Financial Alert Louisiana with refinery photo

Four recently announced projects would bring a total of $794 million in new construction work to the state in both the public and private sectors — and could continue to jumpstart the recent success of the state’s Louisiana Economic Development program.

Releases note that the program “attracted 58 new economic development projects representing over 11,600 new jobs [and] 8,600 retained jobs” during 2020, providing a strong foundation for development to be done in the coming years.

One of the major focuses of the Louisiana Economic Development initiative is support for contractors on payment security — especially when assisting smaller contractors in getting involved with major projects and receiving timely payment for their work.

Claiming that “The inability to secure sufficient bonding capacity has presented a challenge for new and smaller companies in the construction industry,” the initiative has additionally set up programs that assist “a variety of disadvantaged businesses, including minority and woman-owned businesses, veteran-owned businesses and other small businesses in obtaining bid, payment and performance bonds required for construction opportunities throughout Louisiana.”

A $70 million renewable fuel plant in Iberia Parish could generate up to 100 new construction jobs

Such programs could aid contractors significantly on a number of recently-announced projects sponsored by the state.

A June 28, 2021, release from Governor Edwards noted that Delta Biofuel was “evaluating” Iberia Parish as the new location for a $70 million renewable fuel production facility.

According to the release, “The planned production facility would produce biomass fuel pellets made from residual sugarcane fiber, known as bagasse.”

The joint statement from Governor Edwards and Delta Biofuel CEO Philip Keating noted that the facility’s peak construction would generate “up to 100 construction jobs,” as well as creating 126 direct jobs and 149 indirect jobs when operational.

“Renewable energy is a key component in reaching environmental protection targets, and Louisiana looks forward to welcoming the latest renewable fuel investment, Delta Biofuel,” said Governor Edwards.

“Continued growth in the renewable fuels and renewable energy sectors is prime economic development, as Delta Biofuel’s project would result in 275 new jobs in Acadiana. On behalf of the people of Louisiana, we look forward to this fantastic new project coming to our state.”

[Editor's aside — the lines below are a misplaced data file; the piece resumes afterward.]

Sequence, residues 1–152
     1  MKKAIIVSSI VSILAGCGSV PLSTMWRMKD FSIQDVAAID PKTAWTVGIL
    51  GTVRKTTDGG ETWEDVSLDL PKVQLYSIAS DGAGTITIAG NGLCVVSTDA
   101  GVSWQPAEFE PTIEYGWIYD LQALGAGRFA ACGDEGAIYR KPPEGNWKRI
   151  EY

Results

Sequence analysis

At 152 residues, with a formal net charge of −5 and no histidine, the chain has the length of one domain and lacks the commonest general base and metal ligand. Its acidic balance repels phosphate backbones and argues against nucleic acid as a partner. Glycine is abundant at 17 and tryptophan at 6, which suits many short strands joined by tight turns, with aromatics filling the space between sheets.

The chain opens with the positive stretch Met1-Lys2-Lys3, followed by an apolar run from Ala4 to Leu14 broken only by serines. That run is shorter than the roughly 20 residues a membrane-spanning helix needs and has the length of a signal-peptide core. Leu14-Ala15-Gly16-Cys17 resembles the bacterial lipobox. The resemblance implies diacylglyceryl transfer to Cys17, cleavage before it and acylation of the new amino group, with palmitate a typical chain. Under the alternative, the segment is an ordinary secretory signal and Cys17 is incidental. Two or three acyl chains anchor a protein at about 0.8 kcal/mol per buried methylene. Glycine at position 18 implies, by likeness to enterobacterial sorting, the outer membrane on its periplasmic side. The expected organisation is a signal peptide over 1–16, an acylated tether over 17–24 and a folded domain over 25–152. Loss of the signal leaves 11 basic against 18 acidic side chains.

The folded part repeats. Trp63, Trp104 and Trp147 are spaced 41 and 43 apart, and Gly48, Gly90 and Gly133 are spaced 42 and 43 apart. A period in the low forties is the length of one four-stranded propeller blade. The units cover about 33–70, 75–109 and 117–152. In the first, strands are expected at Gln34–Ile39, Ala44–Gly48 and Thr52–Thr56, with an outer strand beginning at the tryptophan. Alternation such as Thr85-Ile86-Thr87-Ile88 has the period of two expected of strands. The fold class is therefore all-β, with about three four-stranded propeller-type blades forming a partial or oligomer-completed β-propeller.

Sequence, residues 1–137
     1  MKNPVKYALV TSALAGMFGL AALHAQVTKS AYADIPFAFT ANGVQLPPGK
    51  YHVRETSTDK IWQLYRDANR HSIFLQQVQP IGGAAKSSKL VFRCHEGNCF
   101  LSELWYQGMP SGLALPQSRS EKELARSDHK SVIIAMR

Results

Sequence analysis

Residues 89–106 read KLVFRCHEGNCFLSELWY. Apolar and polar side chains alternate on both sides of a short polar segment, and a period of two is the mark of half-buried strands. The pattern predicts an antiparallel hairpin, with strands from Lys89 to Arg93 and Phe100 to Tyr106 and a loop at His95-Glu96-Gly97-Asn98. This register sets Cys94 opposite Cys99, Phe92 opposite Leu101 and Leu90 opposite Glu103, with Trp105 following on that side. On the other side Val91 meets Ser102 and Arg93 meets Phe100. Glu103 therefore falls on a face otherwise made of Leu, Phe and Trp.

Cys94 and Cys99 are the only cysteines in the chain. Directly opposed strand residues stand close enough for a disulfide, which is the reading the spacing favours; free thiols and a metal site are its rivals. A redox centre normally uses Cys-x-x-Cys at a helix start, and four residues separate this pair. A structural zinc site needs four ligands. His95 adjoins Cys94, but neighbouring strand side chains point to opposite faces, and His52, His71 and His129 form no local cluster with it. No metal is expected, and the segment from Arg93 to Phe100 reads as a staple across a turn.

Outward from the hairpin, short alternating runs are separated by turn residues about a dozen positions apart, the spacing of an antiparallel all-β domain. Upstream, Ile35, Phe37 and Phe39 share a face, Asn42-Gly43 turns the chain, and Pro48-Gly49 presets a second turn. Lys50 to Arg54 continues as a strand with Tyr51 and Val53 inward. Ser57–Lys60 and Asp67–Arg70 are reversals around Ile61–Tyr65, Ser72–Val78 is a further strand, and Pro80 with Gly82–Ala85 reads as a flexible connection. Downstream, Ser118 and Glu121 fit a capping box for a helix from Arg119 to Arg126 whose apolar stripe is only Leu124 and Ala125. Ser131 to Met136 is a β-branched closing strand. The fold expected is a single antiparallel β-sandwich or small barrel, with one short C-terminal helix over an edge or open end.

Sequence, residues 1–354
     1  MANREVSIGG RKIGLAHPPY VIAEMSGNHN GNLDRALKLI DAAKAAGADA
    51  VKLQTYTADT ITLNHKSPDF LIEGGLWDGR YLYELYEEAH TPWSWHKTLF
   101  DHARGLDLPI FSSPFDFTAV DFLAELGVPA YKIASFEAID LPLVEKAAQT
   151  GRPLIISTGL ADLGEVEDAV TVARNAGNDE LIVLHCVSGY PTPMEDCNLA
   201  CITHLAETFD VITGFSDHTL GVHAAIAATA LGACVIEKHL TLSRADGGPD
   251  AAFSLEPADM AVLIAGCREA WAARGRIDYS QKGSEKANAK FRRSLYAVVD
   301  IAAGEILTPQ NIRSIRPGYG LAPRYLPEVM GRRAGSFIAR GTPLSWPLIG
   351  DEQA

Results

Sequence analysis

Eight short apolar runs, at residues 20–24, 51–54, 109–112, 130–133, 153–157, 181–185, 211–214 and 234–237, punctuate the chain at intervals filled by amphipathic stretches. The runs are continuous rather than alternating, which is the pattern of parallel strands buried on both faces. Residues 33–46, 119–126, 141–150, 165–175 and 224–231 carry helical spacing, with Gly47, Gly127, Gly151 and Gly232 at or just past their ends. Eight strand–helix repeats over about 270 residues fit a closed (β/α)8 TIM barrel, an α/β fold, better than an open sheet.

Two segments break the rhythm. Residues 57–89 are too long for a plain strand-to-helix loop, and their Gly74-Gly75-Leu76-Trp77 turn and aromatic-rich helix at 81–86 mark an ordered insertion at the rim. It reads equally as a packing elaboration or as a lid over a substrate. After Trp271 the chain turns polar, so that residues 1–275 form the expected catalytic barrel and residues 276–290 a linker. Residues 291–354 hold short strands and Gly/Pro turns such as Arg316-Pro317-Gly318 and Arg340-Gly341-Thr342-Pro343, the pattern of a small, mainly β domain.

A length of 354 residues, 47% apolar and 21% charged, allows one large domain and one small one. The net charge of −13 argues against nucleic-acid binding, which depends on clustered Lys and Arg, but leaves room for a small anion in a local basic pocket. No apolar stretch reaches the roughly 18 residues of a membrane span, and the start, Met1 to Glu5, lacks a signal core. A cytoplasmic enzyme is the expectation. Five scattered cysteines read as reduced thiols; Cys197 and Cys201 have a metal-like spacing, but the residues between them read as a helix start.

“Our bagasse pellet manufacturing plant will provide a sustainable, long-term solution for the sugar mills by utilizing all excess bagasse produced each harvest,” Keating said. “We see Louisiana and its sugar industry as a terrific and reliable source of biomass for alternative fuel production.”

Success with this plant may even signal more future expansion for the company, according to Keating.

“We have been able to collaborate with our partner sugar mills to produce a solution for their needs, while establishing a viable project that can deliver long-term economic impact for the region and reduce greenhouse gas emissions in electricity production,” Keating added. “Combine this with the fantastic industrial labor force and the support from the state, and we eventually expect to do even more beyond this initial project.”  

The project’s announcement was welcome news to leaders in Iberia Parish who are looking to expand 

“Iberia Parish is open for business,” Iberia Parish President M. Larry Richard said of the proposal. “We are always open to working with developers that wish to come to Iberia Parish. We are excited to hear of the developer’s possible investment and what it could bring to Iberia Parish and its citizens.”

Though unconfirmed, a $550 million renewable diesel project remains on the table for St. Bernard Parish

A June 24, 2021, announcement from Governor Edwards and PBF Chalmette Refinery Manager Steven Krynski noted that the refinery’s parent company, PBF Energy, was considering “the possible conversion of an idled refinery unit into a renewable diesel production complex” in St. Bernard Parish.

The potentially $550 million project would “retrofit a hydrocracker unit — out of operation since 2010 — with new technology to accommodate renewable diesel production” and “would include construction of a pretreatment unit that will allow Chalmette Refining to create non-fossil feedstocks from soybean oil, corn oil and other biogenically derived fats and oils.”